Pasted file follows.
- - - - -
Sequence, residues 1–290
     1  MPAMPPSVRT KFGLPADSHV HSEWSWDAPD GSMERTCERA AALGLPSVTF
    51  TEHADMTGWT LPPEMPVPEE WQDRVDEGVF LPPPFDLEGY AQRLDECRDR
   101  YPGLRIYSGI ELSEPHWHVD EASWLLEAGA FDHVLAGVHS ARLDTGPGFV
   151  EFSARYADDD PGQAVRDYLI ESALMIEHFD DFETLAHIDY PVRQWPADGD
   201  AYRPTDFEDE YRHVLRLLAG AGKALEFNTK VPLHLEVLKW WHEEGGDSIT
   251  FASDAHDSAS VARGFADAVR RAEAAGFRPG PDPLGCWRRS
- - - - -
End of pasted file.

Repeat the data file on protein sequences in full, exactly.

Sequence, residues 1–290
     1  MPAMPPSVRT KFGLPADSHV HSEWSWDAPD GSMERTCERA AALGLPSVTF
    51  TEHADMTGWT LPPEMPVPEE WQDRVDEGVF LPPPFDLEGY AQRLDECRDR
   101  YPGLRIYSGI ELSEPHWHVD EASWLLEAGA FDHVLAGVHS ARLDTGPGFV
   151  EFSARYADDD PGQAVRDYLI ESALMIEHFD DFETLAHIDY PVRQWPADGD
   201  AYRPTDFEDE YRHVLRLLAG AGKALEFNTK VPLHLEVLKW WHEEGGDSIT
   251  FASDAHDSAS VARGFADAVR RAEAAGFRPG PDPLGCWRRS